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Friday, December 2, 2016
- At the height of the economic and financial crisis, the Spanish government is promoting the export of weapons, creating concern among civil society organisations that say commercial interests are prevailing over the law and human rights.
“At a time when commercial considerations are more prominent than regulations, arms are being sold to countries where human rights are violated and global conflicts are nurtured,” said Jesús Núñez, the co-director of the Institute of Studies on Conflicts and Humanitarian Action (IECAH).
Spanish law on foreign arms trade specifies that sales are not permitted when there is reason to believe that the weapons may be used in actions that disturb the peace, security and human rights in destination countries.
Núñez, an economist and retired military officer, told IPS this law “is not observed” because the economic interests of the government of the day prevail, especially since the Defence Ministry has had its budget for 2013 reduced by six percent compared to 2012, and is in debt to the tune of billions of dollars.
Thanks to the votes of the governing rightwing People’s Party (PP), on Sept. 20 parliament approved a credit of 1.78 billion euros (2.3 billion dollars) to pay the Defence Ministry’s debt to private arms suppliers, which amounts to 27 billion euros (35.8 billion dollars) according to official figures.
Meanwhile the Ministry of Economy announced that Spanish exports of defence materials amounted to 2.43 billion euros (3.15 billion dollars) last year, 115 percent more than in 2010.
Over half the sales were destined to Venezuela, followed by Australia, Norway, and to a lesser extent Colombia, Israel, Morocco and Pakistan, among others, according to the report “Spanish Statistics on the Export of Defence Material, Other Material and Dual Use Items and Technologies” by the Ministry of Industry, Tourism and Commerce.
“There’s a clear relation between the rise in arms sales and the increase in conflicts in the world,” Jordi Garrell, head of the Catalan Peace Association and coordinator of the campaign “Hidden Businesses”, promoted by Catalan social movements to denounce military security and armament build-up between Spain and Israel, told IPS.
“Operations that cannot be justified under Spanish law have been carried out, involving defence products reaching destinations where there is a risk that they will be used to commit or facilitate serious violations of human rights,” says a report issued by IECAH.
The report contains figures for sales of military equipment to Egypt, Bahrein and Saudi Arabia during the so-called Arab Spring, when popular uprisings in many places were violently repressed or gave rise to armed internal conflicts.
In fact, Carlos Villán, the president of the Spanish Society for International Human Rights Law (AEDIDH), complained to IPS that the European Union did not establish “a real control mechanism” to make member states respect the ban on exporting “military technology and equipment” to countries with civil wars or where rights are violated.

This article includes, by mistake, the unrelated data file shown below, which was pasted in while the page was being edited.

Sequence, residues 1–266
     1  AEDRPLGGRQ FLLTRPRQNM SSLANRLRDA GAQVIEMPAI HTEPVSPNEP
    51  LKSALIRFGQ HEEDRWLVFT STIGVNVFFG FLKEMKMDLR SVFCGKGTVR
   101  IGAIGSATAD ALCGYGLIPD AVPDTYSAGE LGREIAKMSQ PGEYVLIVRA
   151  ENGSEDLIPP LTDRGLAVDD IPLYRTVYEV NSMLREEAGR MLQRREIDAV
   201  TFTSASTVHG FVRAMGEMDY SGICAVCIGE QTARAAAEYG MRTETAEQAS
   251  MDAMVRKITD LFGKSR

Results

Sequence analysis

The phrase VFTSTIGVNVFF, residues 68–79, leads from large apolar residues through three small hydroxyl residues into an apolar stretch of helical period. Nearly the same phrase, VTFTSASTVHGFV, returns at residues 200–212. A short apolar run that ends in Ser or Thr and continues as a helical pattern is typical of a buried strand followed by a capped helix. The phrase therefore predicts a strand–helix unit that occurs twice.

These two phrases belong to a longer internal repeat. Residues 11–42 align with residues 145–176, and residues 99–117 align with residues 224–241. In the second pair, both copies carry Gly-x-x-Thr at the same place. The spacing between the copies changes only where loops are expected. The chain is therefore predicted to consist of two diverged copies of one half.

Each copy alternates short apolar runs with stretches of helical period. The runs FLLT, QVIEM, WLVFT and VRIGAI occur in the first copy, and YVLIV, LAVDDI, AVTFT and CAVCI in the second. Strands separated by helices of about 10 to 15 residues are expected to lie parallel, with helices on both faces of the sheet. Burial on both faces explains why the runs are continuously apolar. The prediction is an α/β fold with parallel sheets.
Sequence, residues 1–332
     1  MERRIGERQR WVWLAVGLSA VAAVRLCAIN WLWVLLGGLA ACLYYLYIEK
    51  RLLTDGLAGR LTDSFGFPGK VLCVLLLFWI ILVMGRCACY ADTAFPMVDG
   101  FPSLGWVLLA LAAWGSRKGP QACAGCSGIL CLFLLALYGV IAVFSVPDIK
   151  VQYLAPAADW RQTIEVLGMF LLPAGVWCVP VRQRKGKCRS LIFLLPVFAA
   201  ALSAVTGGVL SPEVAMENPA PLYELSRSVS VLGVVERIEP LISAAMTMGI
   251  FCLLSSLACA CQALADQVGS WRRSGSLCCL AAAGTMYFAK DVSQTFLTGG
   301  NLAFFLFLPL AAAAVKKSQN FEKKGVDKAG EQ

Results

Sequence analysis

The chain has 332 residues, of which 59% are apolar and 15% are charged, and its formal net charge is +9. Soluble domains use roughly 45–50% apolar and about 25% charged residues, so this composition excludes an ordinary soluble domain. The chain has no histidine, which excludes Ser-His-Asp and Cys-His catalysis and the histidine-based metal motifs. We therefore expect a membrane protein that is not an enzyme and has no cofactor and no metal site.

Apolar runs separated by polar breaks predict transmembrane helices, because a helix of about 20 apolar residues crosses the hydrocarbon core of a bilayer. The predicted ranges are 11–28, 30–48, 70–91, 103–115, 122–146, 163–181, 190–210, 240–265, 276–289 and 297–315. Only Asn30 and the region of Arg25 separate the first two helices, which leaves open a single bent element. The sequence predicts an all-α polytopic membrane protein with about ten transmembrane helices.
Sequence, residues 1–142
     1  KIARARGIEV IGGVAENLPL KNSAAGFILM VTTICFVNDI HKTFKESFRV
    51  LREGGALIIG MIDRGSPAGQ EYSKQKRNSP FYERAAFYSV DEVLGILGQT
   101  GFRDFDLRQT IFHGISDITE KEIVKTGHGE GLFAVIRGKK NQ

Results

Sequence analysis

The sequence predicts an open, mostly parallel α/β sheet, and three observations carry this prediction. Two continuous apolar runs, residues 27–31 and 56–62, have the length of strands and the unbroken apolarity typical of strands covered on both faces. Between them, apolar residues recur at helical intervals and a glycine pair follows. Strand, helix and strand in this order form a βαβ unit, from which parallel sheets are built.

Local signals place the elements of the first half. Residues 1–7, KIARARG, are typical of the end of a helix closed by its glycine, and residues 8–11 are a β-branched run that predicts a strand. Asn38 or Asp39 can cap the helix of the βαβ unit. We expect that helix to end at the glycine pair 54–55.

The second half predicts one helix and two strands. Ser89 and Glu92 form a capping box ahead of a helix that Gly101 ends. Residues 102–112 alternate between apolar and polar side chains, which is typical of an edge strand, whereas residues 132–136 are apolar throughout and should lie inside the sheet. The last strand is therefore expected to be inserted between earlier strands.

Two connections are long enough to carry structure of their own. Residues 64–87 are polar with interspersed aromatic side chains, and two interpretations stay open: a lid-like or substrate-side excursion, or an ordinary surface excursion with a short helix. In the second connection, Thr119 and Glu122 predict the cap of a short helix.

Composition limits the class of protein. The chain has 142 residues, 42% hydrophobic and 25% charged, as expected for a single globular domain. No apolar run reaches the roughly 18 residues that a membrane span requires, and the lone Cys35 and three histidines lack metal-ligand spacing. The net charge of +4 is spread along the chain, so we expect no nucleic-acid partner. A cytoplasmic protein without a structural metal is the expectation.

In a Sept. 30 televised interview, former Spanish defence minister Eduardo Serra said he would not approve of sales of arms and defence material to a country if there was a risk of contributing to human rights violations. But he also said that to get things done, it was necessary to get one’s hands dirty.
Villán criticised the government’s lack of transparency on this issue because in Spain, already in sixth place for the volume of its arms exports in the world, civil society “cannot exercise effective control over sales by companies supported by the ministries of defence, foreign affairs and cooperation.”
Citizens do not have access to the information because sessions to regulate the government in parliament “are secret,” he said.
According to the Stockholm International Peace Research Institute (SIPRI), global arms trade was worth 1.7 trillion dollars last year, equivalent to 2.5 percent of world GDP.
“This absurdly large sum of money only benefits arms traders and exporters,” said Villán, who said this “clearly immoral” trade prospered because of the lack of international regulation.
A four-week conference involving 170 governments at the United Nations headquarters in New York, seeking an arms trade treaty, ended without agreement in late July.
In Villán’s view, the main arms exporting countries, headed by the United States, caused the negotiations to fail, and the arms trade continues to feed the 40 armed conflicts ongoing in the world today.
Resources that states devote to purchasing arms “are to the detriment of the economic and social development of their people,” he said.
U.S. President Barack Obama “did not cooperate to come up with a treaty,” Núñez said.
“The idea is not to ban the arms trade,” said Núñez, but there is evidently “a lack of political will” to reach an international agreement on the issue, because “governments prefer to have carte blanche.”
China, France, Germany, Russia, the United Kingdom and the United States supply around three-quarters of the world’s weapons, according to human rights watchdog Amnesty International’s web site. Of these countries, only Germany is not a member of the U.N. Security Council.